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The Constructionist Perspective of Obesity

Abstract In this paper I will explore the social construction of obesity and how it formed into a social problem. Recent and growing media attention surrounding obesity in the United States, the so-called obesity epidemic remains a highly debated scientific and social fact. This paper examines the contemporary obesity debate through systematic examination of the claims and claim-makers involved in the controversy.

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I will not take sides, but merely show and clearly explain each side’s views on the obesity epidemic. Social Construction of Global Warming . Social Construction Process: Creating a social problem using the social constructionist approach requires an audience who believes that there is in fact a problem before that topic is considered a social problem. There is a process to creating a social problem starting with “claims, claims-making, audiences and claims competitions.

Regardless of whether claims are verbal, visual, or behavioral, they are the social problems work of claims- makers who want to convince audiences how to think about social problems and how to feel about these problems. ” (Lose,2009) In this paper I will discuss the process n which obesity is viewed as an epidemic so therefore is a social problem. We have to ask ourselves, who are the people making this claim, who are they trying to target, and are they being successful? In other words is the targeted audience being persuaded in the belief: obesity is an epidemic?

In this process I will compare and contrast two arguments dealing with obesity. One set of views is obesity is a problem of individuals making bad choices and on the other hand there is a belief the food industry has increased portion sizes and markets unhealthy food options with high fat, calories etc. So that obesity is understood as more than Just an individual issue. The sub argument is how should treatment is administered. Do healthcare professionals target individuals and teach them a healthy lifestyle or do you target the food industry to make changes in their products? II.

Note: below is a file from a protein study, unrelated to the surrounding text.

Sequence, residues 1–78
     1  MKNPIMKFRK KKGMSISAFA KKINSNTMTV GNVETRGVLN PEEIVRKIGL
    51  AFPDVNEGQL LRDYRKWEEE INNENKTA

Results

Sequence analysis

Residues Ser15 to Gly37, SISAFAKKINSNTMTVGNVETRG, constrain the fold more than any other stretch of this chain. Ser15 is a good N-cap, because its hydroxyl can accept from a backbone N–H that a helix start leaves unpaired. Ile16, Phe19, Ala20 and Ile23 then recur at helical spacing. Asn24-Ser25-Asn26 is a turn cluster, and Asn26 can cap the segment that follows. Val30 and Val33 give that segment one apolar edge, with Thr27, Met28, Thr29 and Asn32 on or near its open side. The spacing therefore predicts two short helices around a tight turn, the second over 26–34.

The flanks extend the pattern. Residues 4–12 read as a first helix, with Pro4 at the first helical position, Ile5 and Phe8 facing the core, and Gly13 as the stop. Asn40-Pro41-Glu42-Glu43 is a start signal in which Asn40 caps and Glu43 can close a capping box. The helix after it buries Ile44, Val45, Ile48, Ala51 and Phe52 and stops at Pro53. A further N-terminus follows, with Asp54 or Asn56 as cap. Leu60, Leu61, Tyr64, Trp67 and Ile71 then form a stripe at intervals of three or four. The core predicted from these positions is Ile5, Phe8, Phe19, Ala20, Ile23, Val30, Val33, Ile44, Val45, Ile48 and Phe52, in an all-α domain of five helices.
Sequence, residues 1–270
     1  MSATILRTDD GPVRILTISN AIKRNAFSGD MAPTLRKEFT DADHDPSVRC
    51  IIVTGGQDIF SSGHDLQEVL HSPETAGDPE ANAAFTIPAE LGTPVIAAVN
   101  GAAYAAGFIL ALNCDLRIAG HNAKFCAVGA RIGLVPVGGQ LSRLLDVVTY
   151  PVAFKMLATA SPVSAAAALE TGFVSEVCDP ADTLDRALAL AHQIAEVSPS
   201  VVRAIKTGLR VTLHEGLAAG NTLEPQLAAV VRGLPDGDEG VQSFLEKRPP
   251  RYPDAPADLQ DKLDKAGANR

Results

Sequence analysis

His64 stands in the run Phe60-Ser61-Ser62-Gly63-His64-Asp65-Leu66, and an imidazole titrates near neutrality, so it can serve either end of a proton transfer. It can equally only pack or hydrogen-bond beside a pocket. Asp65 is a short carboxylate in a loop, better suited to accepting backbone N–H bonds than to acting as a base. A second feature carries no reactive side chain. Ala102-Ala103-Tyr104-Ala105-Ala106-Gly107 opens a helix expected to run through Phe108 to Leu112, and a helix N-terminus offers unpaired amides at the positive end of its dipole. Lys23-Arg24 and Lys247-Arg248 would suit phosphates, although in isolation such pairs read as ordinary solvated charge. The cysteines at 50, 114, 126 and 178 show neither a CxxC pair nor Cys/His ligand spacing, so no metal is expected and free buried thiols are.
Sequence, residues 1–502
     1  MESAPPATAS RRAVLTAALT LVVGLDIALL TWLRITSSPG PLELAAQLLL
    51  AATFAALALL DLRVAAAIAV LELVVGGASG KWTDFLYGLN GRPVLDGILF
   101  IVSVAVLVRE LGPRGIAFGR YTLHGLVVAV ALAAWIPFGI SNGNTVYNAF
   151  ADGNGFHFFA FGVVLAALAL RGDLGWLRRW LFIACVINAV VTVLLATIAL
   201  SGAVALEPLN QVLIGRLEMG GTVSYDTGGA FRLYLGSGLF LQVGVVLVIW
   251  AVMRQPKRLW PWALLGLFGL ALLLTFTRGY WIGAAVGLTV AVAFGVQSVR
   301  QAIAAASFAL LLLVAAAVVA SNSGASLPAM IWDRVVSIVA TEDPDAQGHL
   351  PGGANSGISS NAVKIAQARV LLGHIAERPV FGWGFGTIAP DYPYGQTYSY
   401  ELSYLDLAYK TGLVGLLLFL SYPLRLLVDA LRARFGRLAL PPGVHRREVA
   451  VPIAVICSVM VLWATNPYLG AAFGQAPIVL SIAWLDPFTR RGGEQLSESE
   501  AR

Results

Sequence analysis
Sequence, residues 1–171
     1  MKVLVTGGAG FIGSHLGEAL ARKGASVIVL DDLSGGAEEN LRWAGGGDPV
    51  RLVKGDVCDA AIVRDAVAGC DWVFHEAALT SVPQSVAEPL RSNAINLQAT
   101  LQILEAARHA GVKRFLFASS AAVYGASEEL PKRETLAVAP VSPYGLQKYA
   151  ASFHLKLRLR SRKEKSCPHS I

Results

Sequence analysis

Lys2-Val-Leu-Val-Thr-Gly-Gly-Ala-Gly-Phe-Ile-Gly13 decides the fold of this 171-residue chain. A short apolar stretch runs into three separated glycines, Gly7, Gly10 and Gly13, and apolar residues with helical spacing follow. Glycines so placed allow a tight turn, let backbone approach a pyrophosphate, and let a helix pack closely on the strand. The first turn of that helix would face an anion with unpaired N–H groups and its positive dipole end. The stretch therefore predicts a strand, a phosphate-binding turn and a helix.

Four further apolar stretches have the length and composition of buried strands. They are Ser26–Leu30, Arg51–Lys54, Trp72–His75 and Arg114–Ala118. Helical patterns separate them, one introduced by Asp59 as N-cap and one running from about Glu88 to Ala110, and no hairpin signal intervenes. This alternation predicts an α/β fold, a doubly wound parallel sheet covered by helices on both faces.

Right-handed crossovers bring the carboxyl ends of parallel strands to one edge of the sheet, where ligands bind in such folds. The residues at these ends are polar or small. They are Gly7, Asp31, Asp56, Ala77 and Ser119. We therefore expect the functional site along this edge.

Claim-maker of Obesity: The healthcare industry finds the obesity epidemic of great interest due to the strong connection between obesity and obesity related health side effects. Many studies have been done to monitor the increase of obesity with in United States. “Adult obesity rates increased in 16 states in the past year and did not decline in any state, according to F as in Fat: How Obesity Threatens America’s Future 2011, a report from the Trust for America’s Health (TFH) and the Robert Wood Johnson Foundation (ROWS). Twelve states now have obesity rates above 30 percent.

Four years ago, only one state was above 30 percent. ” (“F as in,” 2011) As a result of these findings augments among health care professionals were establish focusing on the cause of obesity. One group of healthcare professionals believes the problem is an individual person’s poor decision making which leads to obesity. If a person is making bad hoicks in their eating habits and does not exercise then that person will eventually become obese. The other set of professionals would argue it is not in individual choice, but their environment in which they live in.

Food companies are targeting their consumers with ads and their increased potion sizes so therefore more and more people are becoming obese. Both sides of the argument believe there is connection between obesity and obesity related health side effects. Each side has different beliefs on how to combat the obesity epidemic. One side of the house is focused on curing obesity while the other side focuses on prevention. A. Individual Problem: Claim-makers who feel obesity is an individual problem use individualism as their targeted moralities.

There is a belief system that people embrace individualism, autonomy, and responsibility for their actions. The belief in the importance of individual’s freedom to choose the types of food they consume and to have a more active lifestyle is embraced by most people. It is estimated that the leading cause of death in the United States is caused by “lifestyle” such as smoking, diet, exercise and sexual practices. (Adler & Stewart, 2009) Since studies have shown lifestyle is a cause f obesity, medical professionals using the medical model focus on the individual patient for a cure.